But wait! Enter hitman Woo-seong, whom we learn that after performing a hit, usually waits for the heat to cool off at a cottage in the countryside. That cottage also happens to look out onto a field of daisies that Ji-hyeon often comes to paint, so watching her from a distance, he finds himself becoming silently enamored with her innocent beauty. Hence, it’s actually Woo-seong who’s sending her the daisies, and he even goes so far as to rent an apartment overlooking the town square where she paints, so he can observe her every day instead of just now and then. See his rule is to never make direct contact, it’s a hitman thing.
So we have a perfect love triangle setup, however Dion Lam is onboard for a reason, and that reason becomes evident when the gangsters realize what Song-jae is up to. At this point Woo-seong has learnt that Song-jae is a cop that’s been developing a relationship with Ji-hyeon, so instead of continuing to sit there depressed in his apartment window watching them together, he’s given a choice. With the gangsters about to take out an unsuspecting Song-jae, does he allow his jealousy to let them do it, or will he do the right thing and come to his aid? Of course things get messy, and it’s the innocent Ji-hyeon who ends up coming off worse in the ensuing gun battle.
If the above description sounds a little similar to John Woo’s The Killer, it’s understandable. A cop and a killer both wanting to come to the rescue of a damsel in distress, who gets maimed due to their actions, the comparison is inevitable. However unlike Sally Yeh, Ji-hyeon doesn’t lose her sight (I’d consider it a spoiler to reveal what happens though, so I won’t.) While The Killer was very much about Chow Yun Fat and Danny Lee bursting into action, guns blazing, with Yeh’s blindness serving as the reason for them doing so, Daisy is the opposite. Song-jae and Woo-seong both want to capture Ji-hyeon’s heart, and occasionally it involves firing off a few bullets. A perfect example of the difference is when Woo-seong goes on a date with Ji-hyeon, and pops out for a couple of minutes mid-way through to perform a hit, before coming back to carry on were they left off. You know what type of movie you’re watching when the date is the focus, and not the hit.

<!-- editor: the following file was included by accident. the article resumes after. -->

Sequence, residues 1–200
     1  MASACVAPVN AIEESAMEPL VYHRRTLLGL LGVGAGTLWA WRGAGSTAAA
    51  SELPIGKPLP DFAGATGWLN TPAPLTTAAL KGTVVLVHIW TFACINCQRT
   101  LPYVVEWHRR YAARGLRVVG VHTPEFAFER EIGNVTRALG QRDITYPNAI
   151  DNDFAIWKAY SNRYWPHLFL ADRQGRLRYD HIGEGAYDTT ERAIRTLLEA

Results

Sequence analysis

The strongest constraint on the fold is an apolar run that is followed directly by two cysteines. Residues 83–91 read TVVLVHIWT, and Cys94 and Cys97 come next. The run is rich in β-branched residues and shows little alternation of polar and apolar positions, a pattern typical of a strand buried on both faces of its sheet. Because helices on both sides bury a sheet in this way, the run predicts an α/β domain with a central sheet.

Daisy relies on the voiceover technique a lot, arguably to the point that at times it results in a disconnect to what’s happening onscreen. On the other hand sometimes it works to keeps things interesting, particularly when one of the many shots of characters brooding in slow motion is given some narration. It somehow manages to make it feel a little less pretentious than just watching them brood in silence. These shots could work under a director like Wong Kar-wai, but here Felix Chong’s story relies a little too much on coincidence and disbelief to give the scenes any weight. Aspects of the movie like Song-jae and Woo-seong constantly letting the other go, because they know Ji-hyeon would be upset if either of them got hurt, come across as laughable rather than admirable. It takes a certain type of director to be able to convey bromance effectively, and Lau is no John Woo.
Once the shootout in the town square is over the movie also suffers, at times feeling like it’s going to stutter to a complete stop. With Song-jae back in Korea, Woo-seong decides to take a chance with Ji-hyeon, however it simply makes all his prior actions seem like that of a stalker rather than a love sick hitman. In part his acting is to blame, while movies like 2014’s Scarlet Innocence and 2013’s Cold Eyes show just how much his acting has matured, here some of his looks and line delivery come across as more creepy than tortured soul. Of course Lau should also take responsibility, and it makes me speculate as to if the reason why there’s so much voiceover is because he couldn’t confidently direct when the lines are being delivered in Korean.
With a decidedly downbeat tone permeating through most of the movie, Daisy is a hard sell both to fans of melodrama, and to those expecting a dose of action. By the time Woo-seong loads up to raid David Chiang’s headquarters close to the end of the 2 hours, the pace has been so gloomy that even the promise of some action, which does indeed get delivered, is difficult to get excited about. With this in mind, perhaps it’s best to leave this Daisy unpicked.
Paul Bramhall’s Rating: 5.5/10